employee-owned, selling "solutions" used by "45 of the world's top 50
telecom operators" and serving "one-third of the world's population."
LinkedIn.com, several telecom workers list having worked at
"Huawei-skycom" on their resumes. A former Skycom employee said the two
companies shared the same headquarters in China. And an Iranian telecom
manager who has visited Skycom's office in Tehran said, "Everybody
carries Huawei badges."
A Hong Kong accountant whose firm is
listed in Skycom registration records as its corporate secretary said
Friday he would check with the company to see if anyone would answer
questions. Reuters did not hear back.
The proposal to MCI, dated
October 2010, would have doubled the capacity of MCI's billing system
for prepaid customers. The proposal noted that MCI was "growing fast"
and that its current system, provided by Huawei, had "exceeded the
system capacity" to handle 20 million prepaid subscribers.
order to keep serving (MCI) with high quality, we provide this expansion
proposal to support 40M subscribers," the proposal states on a page
marked "HUAWEI Confidential."
The proposal makes clear that HP
computer servers were an integral part of the "Hardware Installation
Design" of the expansion project. Tables listing equipment for MCI
facilities at a new site in Tehran and in the city of Shiraz repeatedly
reference HP servers under the heading, "Minicomputer Model."
documents seen by Reuters also include a portion of an equipment price
list that carries Huawei's logo and are stamped "SKYCOM IRAN OFFICE."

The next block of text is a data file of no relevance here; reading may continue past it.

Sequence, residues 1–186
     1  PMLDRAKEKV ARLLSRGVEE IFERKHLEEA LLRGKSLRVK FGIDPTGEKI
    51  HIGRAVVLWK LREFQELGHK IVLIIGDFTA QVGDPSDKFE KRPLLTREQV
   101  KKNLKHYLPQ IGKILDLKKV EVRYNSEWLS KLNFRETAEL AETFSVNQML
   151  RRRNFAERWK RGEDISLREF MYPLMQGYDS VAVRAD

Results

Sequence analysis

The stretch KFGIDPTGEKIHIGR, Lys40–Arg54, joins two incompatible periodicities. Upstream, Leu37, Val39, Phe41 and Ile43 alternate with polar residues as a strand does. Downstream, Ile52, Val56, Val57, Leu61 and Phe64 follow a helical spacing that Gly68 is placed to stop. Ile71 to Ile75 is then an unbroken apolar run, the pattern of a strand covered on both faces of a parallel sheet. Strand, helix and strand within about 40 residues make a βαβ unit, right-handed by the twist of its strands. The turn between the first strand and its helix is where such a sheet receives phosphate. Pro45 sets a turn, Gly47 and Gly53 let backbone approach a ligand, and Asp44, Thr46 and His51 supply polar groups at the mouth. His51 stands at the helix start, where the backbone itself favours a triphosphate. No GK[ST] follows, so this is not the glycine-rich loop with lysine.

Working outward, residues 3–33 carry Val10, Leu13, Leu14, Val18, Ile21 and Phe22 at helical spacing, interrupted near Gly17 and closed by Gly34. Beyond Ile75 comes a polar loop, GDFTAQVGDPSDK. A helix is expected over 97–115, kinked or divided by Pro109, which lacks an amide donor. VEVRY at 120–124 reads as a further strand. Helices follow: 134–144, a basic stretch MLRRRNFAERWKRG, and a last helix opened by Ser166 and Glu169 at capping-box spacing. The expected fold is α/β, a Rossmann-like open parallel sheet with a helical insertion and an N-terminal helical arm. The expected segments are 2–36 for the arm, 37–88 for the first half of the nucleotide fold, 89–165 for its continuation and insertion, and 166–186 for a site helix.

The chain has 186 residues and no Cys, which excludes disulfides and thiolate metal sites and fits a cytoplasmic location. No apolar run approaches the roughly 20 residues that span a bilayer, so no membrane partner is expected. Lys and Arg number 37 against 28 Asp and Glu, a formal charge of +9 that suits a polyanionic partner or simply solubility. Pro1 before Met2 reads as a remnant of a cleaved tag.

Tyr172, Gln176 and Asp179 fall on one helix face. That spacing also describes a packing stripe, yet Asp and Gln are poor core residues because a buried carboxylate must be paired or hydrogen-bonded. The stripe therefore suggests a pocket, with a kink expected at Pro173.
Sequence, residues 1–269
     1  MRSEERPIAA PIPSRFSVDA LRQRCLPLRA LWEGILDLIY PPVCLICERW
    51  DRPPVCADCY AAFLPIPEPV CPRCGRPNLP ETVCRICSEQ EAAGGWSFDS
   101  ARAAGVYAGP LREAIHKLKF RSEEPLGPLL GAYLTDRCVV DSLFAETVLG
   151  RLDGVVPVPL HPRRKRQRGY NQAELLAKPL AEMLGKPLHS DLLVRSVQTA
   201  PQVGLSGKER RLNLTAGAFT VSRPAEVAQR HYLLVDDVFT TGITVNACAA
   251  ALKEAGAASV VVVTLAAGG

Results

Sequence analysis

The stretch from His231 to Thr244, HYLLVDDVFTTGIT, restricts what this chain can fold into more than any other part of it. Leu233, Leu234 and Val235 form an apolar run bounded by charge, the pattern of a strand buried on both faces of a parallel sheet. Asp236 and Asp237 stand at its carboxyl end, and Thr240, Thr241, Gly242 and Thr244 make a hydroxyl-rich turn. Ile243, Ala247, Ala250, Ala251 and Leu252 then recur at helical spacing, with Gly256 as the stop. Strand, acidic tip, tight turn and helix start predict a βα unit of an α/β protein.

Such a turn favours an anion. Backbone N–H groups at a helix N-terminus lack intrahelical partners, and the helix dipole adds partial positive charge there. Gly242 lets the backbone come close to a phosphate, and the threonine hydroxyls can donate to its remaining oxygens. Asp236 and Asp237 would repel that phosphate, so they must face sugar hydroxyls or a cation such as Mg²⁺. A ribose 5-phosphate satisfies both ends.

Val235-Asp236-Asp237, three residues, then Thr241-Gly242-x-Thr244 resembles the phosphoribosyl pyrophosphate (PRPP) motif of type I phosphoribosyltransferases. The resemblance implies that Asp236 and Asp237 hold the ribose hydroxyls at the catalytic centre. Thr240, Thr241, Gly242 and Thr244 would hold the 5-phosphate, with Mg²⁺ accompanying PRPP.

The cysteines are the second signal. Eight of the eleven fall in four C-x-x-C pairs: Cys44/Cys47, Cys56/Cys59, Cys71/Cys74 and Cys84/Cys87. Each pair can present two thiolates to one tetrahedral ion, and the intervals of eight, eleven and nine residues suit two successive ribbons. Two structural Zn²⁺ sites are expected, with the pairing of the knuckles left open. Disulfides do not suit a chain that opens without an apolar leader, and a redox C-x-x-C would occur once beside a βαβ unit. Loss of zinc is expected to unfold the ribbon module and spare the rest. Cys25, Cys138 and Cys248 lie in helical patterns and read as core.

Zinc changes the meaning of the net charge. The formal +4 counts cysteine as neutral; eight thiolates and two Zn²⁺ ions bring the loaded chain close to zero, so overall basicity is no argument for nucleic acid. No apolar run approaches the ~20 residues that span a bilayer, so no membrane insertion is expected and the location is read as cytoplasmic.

The pages list prices for HP servers, disk arrays and switches,
including those that already are "existing" and others that need to be
added. The total proposed project price came to 19.9 million euros,
including a "one time special discount."
The proposed new HP
equipment, which totaled 1.3 million euros, included one server, 20 disk
arrays, 22 switches and software. The existing HP equipment included 22
servers, 8 disk arrays and 13 switches, with accompanying prices.
who had provided the existing HP equipment to MCI, Vic Guyang, a Huawei
spokesman, said it wasn't Huawei. "We would like to add that the
existing hardware equipment belongs to the customer. Huawei does not
have information on, or the authority to check the source of the
Officials with MCI did not respond to requests for comment.
a series of stories this year, Reuters has documented how China has
become a backdoor for Iran to obtain embargoed U.S. computer equipment.
In March and April, Reuters reported that China's ZTE Corp, a Huawei
competitor, had sold or agreed to sell millions of dollars worth of U.S.
computer gear, including HP equipment, to Telecommunication Co of Iran,
the country's largest telecommunications firm, and a unit of the
consortium that controls TCI.
The articles sparked investigations
by the U.S. Commerce Department, the Justice Department and some of the
U.S. tech companies. ZTE says it is cooperating with the federal probes.
TCI is the parent company of MCI.
© Thomson Reuters 2012